Sun, Aug 28, 2016
As they go about chanting government-bashing mantras, do the unemployed youth have the skills it takes to be employed in both Self-employment and Paid employment?
Does it matter whether one knows what they want to do or is it considerably useful when one aimlessly and randomly wants to do anything? Do you want to work on something or do you just want to work?
After “Tell us about yourself”, “What can you do?”, is the most dreaded question for anyone going for an interview.
Is this dread logically justifiable or is it only "hormonally" justifiable, as the usual adrenaline reaction for any interviewee?
In Africa, it seems logically justifiable! Many don’t know what they want.
I agree, passions are as fluid as how water fits into the container in which it is put, but there’s always a unique template of passions. Awareness about this unique template is what is lacking among many individual’s lives here.
In Uganda, where I am currently living, ask a student who is completing university about what they want to do after university, and you will get a 99% statistical skew towards the, “anything” response.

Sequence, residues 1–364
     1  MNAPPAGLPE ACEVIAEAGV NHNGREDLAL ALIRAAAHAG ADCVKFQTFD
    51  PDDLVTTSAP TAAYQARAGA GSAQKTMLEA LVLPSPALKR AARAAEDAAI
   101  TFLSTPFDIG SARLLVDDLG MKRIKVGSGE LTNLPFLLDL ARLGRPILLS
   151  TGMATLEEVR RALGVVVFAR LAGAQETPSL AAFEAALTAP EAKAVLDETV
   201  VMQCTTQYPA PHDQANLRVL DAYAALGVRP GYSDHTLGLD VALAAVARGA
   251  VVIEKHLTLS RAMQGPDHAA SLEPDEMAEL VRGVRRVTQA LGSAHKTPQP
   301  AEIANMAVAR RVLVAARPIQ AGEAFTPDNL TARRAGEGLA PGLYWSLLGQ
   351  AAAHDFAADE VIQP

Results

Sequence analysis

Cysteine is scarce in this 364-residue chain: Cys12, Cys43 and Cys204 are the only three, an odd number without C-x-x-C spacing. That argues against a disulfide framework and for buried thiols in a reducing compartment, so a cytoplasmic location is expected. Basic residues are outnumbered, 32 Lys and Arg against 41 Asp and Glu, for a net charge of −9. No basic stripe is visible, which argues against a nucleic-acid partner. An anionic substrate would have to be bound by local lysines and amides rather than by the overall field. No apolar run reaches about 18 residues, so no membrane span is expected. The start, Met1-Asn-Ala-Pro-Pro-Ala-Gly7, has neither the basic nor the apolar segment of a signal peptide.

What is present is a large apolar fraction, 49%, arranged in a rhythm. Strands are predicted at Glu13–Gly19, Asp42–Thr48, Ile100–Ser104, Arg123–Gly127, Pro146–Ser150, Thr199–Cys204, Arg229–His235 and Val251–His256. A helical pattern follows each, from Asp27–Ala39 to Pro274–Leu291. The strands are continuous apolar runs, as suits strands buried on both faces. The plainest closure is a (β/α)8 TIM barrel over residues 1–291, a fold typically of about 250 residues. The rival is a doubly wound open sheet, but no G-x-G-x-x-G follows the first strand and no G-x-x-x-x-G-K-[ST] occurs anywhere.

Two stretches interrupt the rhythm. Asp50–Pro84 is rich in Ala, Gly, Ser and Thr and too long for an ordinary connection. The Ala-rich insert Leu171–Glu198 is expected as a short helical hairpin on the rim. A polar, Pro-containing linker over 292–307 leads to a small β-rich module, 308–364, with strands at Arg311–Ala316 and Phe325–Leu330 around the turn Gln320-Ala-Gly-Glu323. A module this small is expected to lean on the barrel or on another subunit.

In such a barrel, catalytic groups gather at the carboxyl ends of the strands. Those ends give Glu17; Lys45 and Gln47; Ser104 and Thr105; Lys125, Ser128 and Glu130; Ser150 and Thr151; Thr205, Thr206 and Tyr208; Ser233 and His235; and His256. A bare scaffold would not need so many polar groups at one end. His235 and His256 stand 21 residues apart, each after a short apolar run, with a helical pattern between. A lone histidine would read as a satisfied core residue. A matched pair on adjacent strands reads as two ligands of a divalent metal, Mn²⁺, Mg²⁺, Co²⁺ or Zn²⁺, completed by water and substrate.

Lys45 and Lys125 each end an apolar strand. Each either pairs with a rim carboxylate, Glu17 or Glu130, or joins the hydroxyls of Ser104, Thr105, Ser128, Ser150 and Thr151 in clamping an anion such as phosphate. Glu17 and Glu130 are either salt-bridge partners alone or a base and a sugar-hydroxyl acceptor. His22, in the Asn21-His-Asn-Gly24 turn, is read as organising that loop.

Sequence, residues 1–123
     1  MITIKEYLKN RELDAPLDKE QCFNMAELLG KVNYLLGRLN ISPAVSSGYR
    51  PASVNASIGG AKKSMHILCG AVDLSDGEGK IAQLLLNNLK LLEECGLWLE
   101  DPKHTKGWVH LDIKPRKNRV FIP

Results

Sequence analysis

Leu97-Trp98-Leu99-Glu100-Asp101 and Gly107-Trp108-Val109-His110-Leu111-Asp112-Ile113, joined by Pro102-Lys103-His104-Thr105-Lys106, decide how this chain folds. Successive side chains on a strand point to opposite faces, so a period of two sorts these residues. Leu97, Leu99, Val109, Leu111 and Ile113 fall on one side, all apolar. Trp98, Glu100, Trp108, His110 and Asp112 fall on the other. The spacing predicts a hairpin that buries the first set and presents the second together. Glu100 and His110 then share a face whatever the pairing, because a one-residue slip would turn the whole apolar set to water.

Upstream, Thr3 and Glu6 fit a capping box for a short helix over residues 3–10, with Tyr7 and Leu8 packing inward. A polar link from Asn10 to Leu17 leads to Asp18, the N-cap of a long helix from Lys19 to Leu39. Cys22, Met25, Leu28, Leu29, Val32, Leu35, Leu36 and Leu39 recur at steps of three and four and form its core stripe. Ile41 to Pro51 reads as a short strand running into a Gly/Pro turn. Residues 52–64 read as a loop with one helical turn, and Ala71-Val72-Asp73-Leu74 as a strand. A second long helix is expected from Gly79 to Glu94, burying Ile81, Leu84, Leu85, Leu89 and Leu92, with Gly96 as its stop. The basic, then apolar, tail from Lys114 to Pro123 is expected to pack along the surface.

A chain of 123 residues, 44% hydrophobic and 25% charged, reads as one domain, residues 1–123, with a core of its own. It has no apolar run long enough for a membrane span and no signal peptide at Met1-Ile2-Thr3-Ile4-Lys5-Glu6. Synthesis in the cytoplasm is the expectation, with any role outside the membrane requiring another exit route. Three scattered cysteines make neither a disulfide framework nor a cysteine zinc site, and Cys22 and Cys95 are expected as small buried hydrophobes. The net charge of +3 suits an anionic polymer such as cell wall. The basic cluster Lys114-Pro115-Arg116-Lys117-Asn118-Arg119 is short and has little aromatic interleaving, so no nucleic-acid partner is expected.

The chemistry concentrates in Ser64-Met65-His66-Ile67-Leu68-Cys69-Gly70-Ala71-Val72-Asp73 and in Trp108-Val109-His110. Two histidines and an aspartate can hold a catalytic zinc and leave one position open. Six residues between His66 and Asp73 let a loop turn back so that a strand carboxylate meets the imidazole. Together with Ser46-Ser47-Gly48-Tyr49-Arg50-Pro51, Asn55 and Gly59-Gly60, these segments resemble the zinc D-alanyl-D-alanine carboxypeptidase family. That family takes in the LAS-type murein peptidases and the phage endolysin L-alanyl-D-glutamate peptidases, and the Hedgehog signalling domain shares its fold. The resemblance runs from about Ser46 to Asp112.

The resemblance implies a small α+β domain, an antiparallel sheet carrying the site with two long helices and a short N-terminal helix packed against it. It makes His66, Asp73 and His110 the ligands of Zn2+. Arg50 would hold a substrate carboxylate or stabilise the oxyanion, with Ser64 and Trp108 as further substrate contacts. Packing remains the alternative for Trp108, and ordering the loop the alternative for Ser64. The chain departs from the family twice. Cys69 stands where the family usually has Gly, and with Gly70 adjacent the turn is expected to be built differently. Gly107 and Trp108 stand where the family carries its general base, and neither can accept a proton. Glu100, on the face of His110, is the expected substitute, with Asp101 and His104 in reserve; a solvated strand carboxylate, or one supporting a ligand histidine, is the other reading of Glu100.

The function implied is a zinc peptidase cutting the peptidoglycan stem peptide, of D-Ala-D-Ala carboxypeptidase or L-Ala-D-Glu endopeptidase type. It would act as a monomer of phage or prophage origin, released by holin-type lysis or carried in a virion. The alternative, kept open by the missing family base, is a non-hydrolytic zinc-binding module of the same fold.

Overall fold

Much as that 99% figure is a hypothetical and biased statistic of mine, I believe it is arguably true given the ever increasing, less biased statistical numbers of unemployed citizens, most annoyingly and surprisingly, university graduates.
We have a low employability that is largely and logically translating into high unemployment. Who would want to employ someone who does not know what they want to, or can do? No one!
I can immediately hear the silent, complaining utterance in your mind that, “I would employ myself”.
For your information, self-employment, however rosy and freedom-laden it sounds and looks, it is the one that mostly needs someone who knows what they want to, and can do.
Self-employment is not a realm for blind tinkering and adventure. You could try blind adventure in Paid employment and succeed. Don’t try this at self-employment!
Of course there are other equally considerable causes of high unemployment, like nepotism, poor economies, inappropriate and or outdated education curricula among others, but one ought to take initiative to uniquely contribute to their livelihood by discovering what they can do efficiently and joyfully.
I am however considerate enough to know that discovering what you can do best is not an easy thing to do given the pervasively inefficient and pathetic environment most Africans study and live in.
I however encourage us to hang on and be the fire that loves the wind, so we could be lit. Viva Africa!
Edrine Habasa is an autodidact bridge engineer, dialectician and knowledge enthusiast. He's also a debunker of falsehoods as he champions the truth.